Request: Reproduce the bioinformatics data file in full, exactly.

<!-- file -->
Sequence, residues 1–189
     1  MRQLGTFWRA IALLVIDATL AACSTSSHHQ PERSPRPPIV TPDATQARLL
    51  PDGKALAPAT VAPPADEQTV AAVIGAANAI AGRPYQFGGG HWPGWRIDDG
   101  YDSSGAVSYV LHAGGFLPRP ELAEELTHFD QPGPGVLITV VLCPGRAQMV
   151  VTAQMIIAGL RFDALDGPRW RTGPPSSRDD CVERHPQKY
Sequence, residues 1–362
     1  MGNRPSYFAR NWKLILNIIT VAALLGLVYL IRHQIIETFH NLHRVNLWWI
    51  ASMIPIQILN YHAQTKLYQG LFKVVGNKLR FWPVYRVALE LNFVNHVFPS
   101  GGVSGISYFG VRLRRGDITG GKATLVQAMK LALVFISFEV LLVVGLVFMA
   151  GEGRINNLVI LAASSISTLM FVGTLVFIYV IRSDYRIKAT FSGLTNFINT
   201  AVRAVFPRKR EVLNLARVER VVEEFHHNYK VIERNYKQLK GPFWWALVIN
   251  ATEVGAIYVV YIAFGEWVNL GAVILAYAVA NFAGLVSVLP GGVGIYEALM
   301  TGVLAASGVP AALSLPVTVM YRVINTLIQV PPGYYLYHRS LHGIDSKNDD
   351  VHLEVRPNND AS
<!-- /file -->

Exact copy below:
Sequence, residues 1–189
     1  MRQLGTFWRA IALLVIDATL AACSTSSHHQ PERSPRPPIV TPDATQARLL
    51  PDGKALAPAT VAPPADEQTV AAVIGAANAI AGRPYQFGGG HWPGWRIDDG
   101  YDSSGAVSYV LHAGGFLPRP ELAEELTHFD QPGPGVLITV VLCPGRAQMV
   151  VTAQMIIAGL RFDALDGPRW RTGPPSSRDD CVERHPQKY
Sequence, residues 1–362
     1  MGNRPSYFAR NWKLILNIIT VAALLGLVYL IRHQIIETFH NLHRVNLWWI
    51  ASMIPIQILN YHAQTKLYQG LFKVVGNKLR FWPVYRVALE LNFVNHVFPS
   101  GGVSGISYFG VRLRRGDITG GKATLVQAMK LALVFISFEV LLVVGLVFMA
   151  GEGRINNLVI LAASSISTLM FVGTLVFIYV IRSDYRIKAT FSGLTNFINT
   201  AVRAVFPRKR EVLNLARVER VVEEFHHNYK VIERNYKQLK GPFWWALVIN
   251  ATEVGAIYVV YIAFGEWVNL GAVILAYAVA NFAGLVSVLP GGVGIYEALM
   301  TGVLAASGVP AALSLPVTVM YRVINTLIQV PPGYYLYHRS LHGIDSKNDD
   351  VHLEVRPNND AS